Much like the biblical Moses, Steve Jobs brought an entire culture out of a wilderness and into a new Promised Land.
More effectively than anybody else in his 56-year lifetime, the late Apple co-founder and on-and-off CEO looked at IT from a user's standpoint and productized it in ways nobody else had imagined.
Before Jobs came on the scene in the late 1970s, computer user interfaces were mostly strings of words on a screen, phones didn't respond well or consistently to voice commands, animated movies were glorified paintings, and the music industry was run by radio stations and a few large record labels as it had been for generations.
By the time he died on Oct. 5, 2011, Jobs arguably had changed the world more thoroughly than any nonpolitical figure in his lifetime. In the two and a half years since then, nobody yet has shown the potential or aptitude for progressive IT thought creativity that Jobs and his company brought to PCs (Macintosh and iPad), music (iPod and iTunes), smartphones (iPhone), movies (Pixar) and online retail (App Store).
In this post-Jobs era, the No. 1 question on many people's minds remains: Can Apple continue to invent, design and market products as successfully as it has in the last 30 years?
Because Jobs was such a singular force, most observers seem to be skeptical that the company can continue at its high level without him. In all fairness, few—if any—companies could withstand the loss of such a visionary and survive in the same way.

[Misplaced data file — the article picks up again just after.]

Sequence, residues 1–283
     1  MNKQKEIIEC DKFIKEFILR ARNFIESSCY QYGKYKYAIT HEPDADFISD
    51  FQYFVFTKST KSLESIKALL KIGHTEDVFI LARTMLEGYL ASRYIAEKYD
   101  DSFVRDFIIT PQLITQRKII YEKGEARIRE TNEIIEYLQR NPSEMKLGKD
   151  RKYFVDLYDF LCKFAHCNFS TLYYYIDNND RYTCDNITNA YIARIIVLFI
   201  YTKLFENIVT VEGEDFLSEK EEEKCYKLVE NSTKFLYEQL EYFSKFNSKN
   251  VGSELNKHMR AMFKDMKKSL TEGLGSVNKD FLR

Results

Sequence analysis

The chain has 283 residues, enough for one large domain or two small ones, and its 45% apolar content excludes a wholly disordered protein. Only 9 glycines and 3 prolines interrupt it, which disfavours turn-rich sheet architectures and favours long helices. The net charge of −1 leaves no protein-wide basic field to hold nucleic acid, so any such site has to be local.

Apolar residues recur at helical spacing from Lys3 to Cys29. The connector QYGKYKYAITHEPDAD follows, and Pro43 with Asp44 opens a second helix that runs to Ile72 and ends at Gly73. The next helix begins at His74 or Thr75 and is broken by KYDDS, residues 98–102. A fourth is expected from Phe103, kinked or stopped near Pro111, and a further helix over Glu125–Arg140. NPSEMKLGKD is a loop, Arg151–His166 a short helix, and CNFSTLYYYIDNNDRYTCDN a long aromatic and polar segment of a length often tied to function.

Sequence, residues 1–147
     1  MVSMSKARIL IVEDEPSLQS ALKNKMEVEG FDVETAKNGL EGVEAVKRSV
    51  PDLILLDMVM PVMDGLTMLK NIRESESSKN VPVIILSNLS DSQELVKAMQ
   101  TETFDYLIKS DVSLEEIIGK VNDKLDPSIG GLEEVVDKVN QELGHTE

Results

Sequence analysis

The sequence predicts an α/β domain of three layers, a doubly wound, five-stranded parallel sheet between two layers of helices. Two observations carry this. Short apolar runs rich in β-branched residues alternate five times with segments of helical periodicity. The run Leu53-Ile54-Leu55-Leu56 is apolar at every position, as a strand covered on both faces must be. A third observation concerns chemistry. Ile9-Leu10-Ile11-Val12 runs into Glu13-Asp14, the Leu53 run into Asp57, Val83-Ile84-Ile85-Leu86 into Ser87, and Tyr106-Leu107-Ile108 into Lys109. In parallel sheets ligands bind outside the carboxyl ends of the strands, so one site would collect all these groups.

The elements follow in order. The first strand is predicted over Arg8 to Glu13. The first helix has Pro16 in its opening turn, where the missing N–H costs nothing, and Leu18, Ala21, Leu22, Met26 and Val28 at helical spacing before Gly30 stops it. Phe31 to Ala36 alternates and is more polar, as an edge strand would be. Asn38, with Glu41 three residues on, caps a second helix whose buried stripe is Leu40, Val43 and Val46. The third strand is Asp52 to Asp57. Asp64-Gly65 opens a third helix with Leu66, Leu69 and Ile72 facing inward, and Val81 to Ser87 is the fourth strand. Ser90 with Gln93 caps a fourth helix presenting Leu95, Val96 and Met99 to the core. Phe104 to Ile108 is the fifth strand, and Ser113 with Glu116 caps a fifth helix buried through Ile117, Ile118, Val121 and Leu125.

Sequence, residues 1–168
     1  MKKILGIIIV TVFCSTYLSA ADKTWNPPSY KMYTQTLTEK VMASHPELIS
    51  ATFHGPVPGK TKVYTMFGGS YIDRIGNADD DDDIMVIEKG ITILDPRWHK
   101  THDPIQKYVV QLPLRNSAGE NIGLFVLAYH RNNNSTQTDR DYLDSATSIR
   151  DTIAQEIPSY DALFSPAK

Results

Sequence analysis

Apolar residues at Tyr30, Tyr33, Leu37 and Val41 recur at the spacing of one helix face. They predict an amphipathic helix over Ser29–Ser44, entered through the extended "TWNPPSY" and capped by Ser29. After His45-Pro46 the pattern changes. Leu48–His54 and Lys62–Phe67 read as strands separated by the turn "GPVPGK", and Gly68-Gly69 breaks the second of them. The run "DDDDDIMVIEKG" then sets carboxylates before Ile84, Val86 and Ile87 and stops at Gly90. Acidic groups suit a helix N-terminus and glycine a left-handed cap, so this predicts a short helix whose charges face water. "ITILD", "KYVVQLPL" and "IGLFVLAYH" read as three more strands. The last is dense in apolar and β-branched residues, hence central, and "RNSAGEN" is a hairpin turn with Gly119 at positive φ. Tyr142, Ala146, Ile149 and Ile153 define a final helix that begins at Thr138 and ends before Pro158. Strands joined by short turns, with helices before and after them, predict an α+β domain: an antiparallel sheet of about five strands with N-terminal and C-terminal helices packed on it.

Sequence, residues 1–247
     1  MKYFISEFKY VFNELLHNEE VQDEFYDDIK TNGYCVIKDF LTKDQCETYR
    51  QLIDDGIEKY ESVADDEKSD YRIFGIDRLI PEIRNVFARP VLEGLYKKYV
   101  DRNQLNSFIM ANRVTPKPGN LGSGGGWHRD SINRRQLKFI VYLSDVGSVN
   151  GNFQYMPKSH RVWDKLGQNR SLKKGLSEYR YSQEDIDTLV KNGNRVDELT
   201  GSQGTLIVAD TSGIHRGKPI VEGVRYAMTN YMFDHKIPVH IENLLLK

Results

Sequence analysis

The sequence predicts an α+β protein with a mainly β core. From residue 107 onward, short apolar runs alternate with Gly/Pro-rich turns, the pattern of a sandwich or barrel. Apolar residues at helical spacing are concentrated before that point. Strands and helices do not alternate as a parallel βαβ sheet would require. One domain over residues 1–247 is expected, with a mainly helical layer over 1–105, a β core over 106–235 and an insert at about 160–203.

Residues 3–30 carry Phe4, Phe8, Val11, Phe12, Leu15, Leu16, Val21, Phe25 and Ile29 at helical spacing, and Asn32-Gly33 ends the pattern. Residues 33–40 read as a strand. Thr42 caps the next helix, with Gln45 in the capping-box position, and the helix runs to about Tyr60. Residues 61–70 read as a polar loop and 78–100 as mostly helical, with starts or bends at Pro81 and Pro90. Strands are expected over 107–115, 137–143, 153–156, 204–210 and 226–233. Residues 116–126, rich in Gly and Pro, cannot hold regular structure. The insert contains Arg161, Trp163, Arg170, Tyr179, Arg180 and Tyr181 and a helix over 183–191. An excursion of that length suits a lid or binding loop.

The fact remains: Apple has not come out with a truly ground-breaking new product since the fall of 2011, when it launched the iPhone 4S with the Siri voice command interface the day before Jobs died. It has released incrementally improved iPhones, iPads and Macintosh laptops.
A smartwatch is in development, eWEEK has been told, but it's been delayed for various reasons. A new television product, the company's second, is expected to be unveiled soon, but it remains to be seen as to whether those products can move the needle of innovation beyond where Apple's already high standards have been established.
When it comes to innovation in the past four years, it's difficult for any company to compete with what Google is doing in terms of its own projects—driverless autos, wearable computing, space-related programs and robotics, for only a few examples.
Apple plays in none of those arenas at this time. But many computer industry observers believe Apple has to surprise people again if it wants to retain its flair for innovation from the Macintosh, iMac, iPod, iPhone and iPad launch days.
Without Jobs, Apple lacks not only a true long-range visionary but a front man who commands a high level of respect from customers and media folks. Jobs wasn't a powerful public speaker, but he was a showman and a salesman par excellence—someone absolutely focused on his company's image and the mission of making Apple the No. 1 company of any kind in the world. He was able to accomplish this lofty goal not once, but at least twice during his career at Apple.
Jobs taught IT people—and the world of business innovation—that no matter how outstanding and progressive a consumer product may be, it's dead in the water unless it is intuitive to use. It also helps if the product is actually fun to use. Users do not have a lot of patience with something they do not know, and neither did Jobs, thus he was perfectly attuned for his mission in life.